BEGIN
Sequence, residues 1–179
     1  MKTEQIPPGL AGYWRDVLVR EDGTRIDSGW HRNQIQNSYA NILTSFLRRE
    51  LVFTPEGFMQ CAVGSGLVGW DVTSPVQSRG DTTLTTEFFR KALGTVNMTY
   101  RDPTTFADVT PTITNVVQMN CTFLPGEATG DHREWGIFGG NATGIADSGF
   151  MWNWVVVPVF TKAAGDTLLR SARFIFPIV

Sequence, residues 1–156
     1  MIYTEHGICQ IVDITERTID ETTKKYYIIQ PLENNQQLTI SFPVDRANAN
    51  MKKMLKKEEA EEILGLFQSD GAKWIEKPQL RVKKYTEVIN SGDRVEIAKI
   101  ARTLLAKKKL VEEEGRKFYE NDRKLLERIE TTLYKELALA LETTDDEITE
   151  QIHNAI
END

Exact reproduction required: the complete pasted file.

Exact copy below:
Sequence, residues 1–179
     1  MKTEQIPPGL AGYWRDVLVR EDGTRIDSGW HRNQIQNSYA NILTSFLRRE
    51  LVFTPEGFMQ CAVGSGLVGW DVTSPVQSRG DTTLTTEFFR KALGTVNMTY
   101  RDPTTFADVT PTITNVVQMN CTFLPGEATG DHREWGIFGG NATGIADSGF
   151  MWNWVVVPVF TKAAGDTLLR SARFIFPIV

Sequence, residues 1–156
     1  MIYTEHGICQ IVDITERTID ETTKKYYIIQ PLENNQQLTI SFPVDRANAN
    51  MKKMLKKEEA EEILGLFQSD GAKWIEKPQL RVKKYTEVIN SGDRVEIAKI
   101  ARTLLAKKKL VEEEGRKFYE NDRKLLERIE TTLYKELALA LETTDDEITE
   151  QIHNAI